Humans Are Becoming Less Important in the World's Biggest Market

Humans Are Becoming Less Important in the World's Biggest Market

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The $5.1 trillion-a-day currency market is losing its human touch. According to Bloomberg, that’s the conclusion of trading and foreign-exchange heads surveyed by the organizers of the TradeTech FX conference in Miami. Of the 100 North America-based respondents, 94 said they aimed to automate more of their foreign-exchange trading operations in the next three years.

The market is embracing electronic and algorithmic trading, and Coalition Development estimates that from 2012 to 2016 banks cut front-office sales, trading and research headcount by about a quarter in Group-of-10 foreign exchange. Automation has also gained favor after some of the world’s biggest banks were entangled in currency-rigging scandals that resulted in more than $10 billion in penalties. Last month, a former HSBC Holdings executive was the first individual to be convicted for front-running after the revelations prompted investigations around the world.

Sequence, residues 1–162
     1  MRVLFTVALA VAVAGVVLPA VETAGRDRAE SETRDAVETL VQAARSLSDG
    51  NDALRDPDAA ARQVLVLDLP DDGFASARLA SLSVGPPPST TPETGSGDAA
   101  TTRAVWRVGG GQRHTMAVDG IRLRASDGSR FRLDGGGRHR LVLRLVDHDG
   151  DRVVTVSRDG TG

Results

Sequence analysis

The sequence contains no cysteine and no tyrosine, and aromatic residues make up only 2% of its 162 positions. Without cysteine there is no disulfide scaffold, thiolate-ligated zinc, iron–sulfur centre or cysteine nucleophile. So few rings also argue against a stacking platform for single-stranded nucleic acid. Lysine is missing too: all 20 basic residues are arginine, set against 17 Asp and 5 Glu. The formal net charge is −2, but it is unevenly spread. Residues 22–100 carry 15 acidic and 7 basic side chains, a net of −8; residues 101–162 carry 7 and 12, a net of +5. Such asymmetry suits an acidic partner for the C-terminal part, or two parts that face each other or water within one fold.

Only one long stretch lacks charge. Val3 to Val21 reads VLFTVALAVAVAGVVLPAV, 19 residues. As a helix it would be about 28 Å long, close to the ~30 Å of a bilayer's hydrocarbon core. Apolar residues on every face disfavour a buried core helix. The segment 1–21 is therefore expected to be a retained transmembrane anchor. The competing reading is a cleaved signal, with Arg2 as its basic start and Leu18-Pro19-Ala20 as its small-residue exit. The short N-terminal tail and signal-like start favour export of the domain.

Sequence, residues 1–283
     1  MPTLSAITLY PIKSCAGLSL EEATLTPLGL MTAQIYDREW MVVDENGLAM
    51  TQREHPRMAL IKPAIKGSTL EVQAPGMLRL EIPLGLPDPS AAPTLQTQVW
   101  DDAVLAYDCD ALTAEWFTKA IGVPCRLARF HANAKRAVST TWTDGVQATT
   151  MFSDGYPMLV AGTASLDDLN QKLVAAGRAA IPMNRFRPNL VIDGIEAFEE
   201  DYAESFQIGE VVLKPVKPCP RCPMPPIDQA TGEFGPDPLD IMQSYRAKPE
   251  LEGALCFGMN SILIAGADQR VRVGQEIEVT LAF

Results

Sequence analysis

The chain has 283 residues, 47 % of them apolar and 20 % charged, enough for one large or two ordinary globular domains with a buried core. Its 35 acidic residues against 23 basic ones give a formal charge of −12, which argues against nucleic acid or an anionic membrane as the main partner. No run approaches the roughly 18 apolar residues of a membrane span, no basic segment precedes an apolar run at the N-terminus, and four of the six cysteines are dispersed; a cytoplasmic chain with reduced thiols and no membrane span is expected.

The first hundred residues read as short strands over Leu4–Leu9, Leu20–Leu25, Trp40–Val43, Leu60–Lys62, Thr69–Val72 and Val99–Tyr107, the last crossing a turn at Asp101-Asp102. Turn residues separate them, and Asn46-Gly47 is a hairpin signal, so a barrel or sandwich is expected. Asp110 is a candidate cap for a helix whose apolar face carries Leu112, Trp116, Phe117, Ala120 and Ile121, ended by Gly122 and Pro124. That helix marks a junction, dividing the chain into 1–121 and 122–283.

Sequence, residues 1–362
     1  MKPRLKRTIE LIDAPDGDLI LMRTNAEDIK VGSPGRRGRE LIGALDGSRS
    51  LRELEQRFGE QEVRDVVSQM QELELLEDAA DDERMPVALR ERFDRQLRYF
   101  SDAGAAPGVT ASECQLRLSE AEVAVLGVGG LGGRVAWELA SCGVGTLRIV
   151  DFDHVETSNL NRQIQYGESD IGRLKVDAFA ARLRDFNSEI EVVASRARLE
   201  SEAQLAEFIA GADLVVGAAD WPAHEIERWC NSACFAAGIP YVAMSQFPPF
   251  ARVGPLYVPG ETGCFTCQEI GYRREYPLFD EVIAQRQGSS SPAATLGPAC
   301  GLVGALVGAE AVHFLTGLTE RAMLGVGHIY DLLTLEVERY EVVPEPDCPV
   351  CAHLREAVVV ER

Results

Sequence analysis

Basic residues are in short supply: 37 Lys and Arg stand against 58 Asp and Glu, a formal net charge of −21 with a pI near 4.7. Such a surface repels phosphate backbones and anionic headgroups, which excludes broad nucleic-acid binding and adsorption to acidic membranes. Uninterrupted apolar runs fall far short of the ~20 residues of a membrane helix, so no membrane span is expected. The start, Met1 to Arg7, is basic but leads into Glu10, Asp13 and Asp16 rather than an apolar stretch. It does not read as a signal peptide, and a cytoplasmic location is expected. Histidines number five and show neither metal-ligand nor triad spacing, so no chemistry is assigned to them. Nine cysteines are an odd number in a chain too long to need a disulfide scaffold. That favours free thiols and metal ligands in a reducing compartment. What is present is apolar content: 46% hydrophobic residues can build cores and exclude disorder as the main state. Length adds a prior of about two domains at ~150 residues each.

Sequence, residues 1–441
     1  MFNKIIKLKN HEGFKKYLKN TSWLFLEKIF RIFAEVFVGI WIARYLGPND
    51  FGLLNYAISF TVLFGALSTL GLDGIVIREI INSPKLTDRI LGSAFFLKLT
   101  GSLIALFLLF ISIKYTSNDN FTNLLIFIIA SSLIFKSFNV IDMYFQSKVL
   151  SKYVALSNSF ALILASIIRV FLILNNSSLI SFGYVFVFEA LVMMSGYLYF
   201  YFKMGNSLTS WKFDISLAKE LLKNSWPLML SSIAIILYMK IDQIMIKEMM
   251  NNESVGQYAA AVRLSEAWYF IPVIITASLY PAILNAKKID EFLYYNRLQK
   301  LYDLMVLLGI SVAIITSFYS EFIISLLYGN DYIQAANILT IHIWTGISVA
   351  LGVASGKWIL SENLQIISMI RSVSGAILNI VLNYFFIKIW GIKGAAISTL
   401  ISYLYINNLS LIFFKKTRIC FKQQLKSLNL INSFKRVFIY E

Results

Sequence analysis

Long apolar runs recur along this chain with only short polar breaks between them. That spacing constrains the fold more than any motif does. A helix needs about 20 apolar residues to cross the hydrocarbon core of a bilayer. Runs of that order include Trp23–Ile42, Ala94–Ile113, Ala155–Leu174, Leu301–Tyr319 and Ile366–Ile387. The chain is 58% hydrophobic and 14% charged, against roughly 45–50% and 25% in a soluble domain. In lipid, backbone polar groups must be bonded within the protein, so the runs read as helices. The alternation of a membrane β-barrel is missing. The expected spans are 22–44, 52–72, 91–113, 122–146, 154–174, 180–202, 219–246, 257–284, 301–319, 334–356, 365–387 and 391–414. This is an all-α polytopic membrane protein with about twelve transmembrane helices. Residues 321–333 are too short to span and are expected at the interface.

“These scandals just accelerated that move” toward technology which enables investors to execute orders online and get better prices more rapidly, said Paresh Upadhyaya, a portfolio manager at Amundi Pioneer Asset Management, which oversees about $83 billion. “It gets people a little nervous and more accepting of regulations,” said Upadhyaya, who also sits on the conference’s advisory board and participated in the survey.

The poll shows market participants still have room to increase the amount of trading that steers clear of humans, with 62 percent of respondents having automated a quarter of their flows or less. Just 8 percent said automation accounted for more than half their flows. “It’s an irreversible trend,” said Upadhyaya. “The focus in money management clearly is best execution for our shareholders, and it’s also important to keep expenses down.”

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